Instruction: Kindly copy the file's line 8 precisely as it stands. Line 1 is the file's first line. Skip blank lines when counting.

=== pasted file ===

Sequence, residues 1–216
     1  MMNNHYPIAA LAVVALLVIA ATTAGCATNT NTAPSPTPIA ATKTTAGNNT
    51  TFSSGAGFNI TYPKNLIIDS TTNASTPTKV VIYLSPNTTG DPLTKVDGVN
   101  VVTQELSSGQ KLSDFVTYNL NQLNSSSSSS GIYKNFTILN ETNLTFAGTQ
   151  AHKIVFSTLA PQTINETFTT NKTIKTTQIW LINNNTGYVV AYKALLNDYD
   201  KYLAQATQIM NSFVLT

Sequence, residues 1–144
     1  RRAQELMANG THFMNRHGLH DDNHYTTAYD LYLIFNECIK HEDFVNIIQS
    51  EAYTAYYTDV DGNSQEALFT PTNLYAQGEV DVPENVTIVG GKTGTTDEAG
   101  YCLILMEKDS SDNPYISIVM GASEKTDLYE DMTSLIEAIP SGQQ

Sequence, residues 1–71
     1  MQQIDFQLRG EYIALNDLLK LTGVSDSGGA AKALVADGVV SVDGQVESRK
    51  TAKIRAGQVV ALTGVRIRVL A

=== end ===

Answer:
     1  RRAQELMANG THFMNRHGLH DDNHYTTAYD LYLIFNECIK HEDFVNIIQS